US Marks New Military Aid Package for Israel with Iranian Foe in Mind

PM Netanyahu and US President Trump. Illustrative. Photo courtesy of Avi Ohayon (GPO)

The United States’ ten-year, $38 billion military financing package for Israel officially started yesterday, and the Americans weren’t coy about one of their main concerns for Israel: threats from Iran. “Israel is a valuable and capable ally to the United States that today faces dangerously escalating regional threats, first and foremost from the Iranian regime’s sponsorship of terrorist groups seeking to attack not only Israel but also American interests,” said a statement from US spokesperson Heather Nauert in a State Department press release.

The Israelis also had Iran on the mind when thanking the US for the sizable Memorandum of Understating (MOU) agreement, which was signed in 2016. “Israel and the world face complex security challenges, especially Iranian aggression,” said Israeli Prime Minister Benjamin Netanyahu in comments released by his office on Tuesday. “The unreserved US support for Israel’s right to defend itself is among the pillars of the strong bond between the two countries.”

Today, Israel is surrounded by threats. Iran is building out their military capabilities in neighboring Syria and has already attacked Israel directly. The Hezbollah terror group has stockpiled thousands of missiles for a future war with Israel, while Hamas in Gaza has been in an off-and-on conflict with Israel for more than a decade. The Americans recognized that the Jewish State faces more than just Iran, which along with Syria has sought nuclear weapons in the past.

“Israel is also threatened by the reckless proliferation of destabilizing weapons systems into the region that increase the possibility of an escalated conflict in an already dangerous and volatile theater,” said the statement from Nauert.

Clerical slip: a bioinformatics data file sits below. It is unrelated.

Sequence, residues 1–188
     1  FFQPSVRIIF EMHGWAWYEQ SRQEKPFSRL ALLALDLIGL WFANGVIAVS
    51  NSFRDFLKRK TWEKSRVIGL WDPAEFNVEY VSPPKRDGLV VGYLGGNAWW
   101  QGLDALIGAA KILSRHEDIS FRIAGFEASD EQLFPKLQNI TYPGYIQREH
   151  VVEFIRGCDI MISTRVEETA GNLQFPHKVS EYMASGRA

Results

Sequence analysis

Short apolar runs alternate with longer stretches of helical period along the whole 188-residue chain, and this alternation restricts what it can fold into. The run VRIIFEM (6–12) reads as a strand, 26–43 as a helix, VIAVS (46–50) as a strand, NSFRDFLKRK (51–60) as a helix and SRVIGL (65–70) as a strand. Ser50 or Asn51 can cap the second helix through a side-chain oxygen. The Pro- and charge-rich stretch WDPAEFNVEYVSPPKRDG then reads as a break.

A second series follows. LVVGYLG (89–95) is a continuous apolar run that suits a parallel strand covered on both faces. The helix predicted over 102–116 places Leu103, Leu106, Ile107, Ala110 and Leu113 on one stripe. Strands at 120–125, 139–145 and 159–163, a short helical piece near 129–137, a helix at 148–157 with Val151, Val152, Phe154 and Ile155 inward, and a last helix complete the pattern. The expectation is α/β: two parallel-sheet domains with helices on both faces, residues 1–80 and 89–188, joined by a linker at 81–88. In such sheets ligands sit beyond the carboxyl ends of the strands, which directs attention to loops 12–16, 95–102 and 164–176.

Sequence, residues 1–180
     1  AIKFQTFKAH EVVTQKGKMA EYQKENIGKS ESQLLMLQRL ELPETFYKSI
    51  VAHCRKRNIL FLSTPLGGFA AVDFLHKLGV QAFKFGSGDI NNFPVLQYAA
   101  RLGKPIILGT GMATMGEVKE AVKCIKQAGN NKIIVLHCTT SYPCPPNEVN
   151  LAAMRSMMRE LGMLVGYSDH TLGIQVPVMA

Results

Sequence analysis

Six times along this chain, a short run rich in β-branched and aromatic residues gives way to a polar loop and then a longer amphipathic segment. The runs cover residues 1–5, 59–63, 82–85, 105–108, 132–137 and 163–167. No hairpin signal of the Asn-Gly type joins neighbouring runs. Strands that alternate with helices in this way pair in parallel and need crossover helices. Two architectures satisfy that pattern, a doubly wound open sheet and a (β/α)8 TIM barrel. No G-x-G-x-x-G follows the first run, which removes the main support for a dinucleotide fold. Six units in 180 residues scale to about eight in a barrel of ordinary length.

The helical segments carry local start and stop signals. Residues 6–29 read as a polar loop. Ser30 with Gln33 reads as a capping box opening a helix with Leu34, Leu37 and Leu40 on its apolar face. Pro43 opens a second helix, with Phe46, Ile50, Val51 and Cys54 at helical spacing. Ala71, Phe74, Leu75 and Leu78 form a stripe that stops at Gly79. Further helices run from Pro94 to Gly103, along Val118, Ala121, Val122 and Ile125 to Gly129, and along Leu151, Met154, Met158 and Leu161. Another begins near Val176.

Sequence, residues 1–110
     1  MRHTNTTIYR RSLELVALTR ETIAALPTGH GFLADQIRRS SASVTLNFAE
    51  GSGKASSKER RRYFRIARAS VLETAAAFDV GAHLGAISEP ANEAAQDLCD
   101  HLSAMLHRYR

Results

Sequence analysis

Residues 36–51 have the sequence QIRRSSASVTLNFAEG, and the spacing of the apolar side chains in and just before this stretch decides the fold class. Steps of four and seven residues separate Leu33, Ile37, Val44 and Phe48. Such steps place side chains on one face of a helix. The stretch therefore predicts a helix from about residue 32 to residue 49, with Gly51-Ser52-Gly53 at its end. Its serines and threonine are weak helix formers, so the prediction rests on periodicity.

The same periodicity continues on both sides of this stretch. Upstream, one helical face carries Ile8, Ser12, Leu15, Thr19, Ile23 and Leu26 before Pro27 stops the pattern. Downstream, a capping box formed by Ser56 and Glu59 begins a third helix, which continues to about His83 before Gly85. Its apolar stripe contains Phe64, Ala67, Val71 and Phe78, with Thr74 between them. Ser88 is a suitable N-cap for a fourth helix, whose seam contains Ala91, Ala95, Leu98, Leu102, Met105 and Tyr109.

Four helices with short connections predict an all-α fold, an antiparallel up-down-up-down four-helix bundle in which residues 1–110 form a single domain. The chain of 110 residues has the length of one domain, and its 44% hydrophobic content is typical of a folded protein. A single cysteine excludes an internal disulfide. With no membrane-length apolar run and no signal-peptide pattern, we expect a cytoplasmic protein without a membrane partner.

“The United States unconditionally affirms Israel’s right to self-defense, and this MOU is a concrete demonstration of our commitment to Israel’s capacity to defend itself with a qualitative military edge over all potential regional adversaries.”

The deal provides Israel with $3.3 billion in annual Foreign Military Financing and $500 million per year for missile defense cooperative programs.

Israel and the US have long been jointly developing advanced missile defense programs, and American aid has helped Israel launch the Iron Dome system.

Nauert noted that while the agreement “reflects the enduring and unshakable commitment” of the Trump Administration to Israel’s security, it was negotiated during the Obama Administration, “reflecting the bi-partisan nature of this commitment.”

The Israelis were grateful for the funding aid, but Netanyahu acknowledged first something more important: US support for Israel. Said the Israeli leader, “I thank the American administration and Congress for their commitment to Israel and also for the American financial assistance in the coming decade.”

(By Joshua Spurlock,, October 2, 2018)

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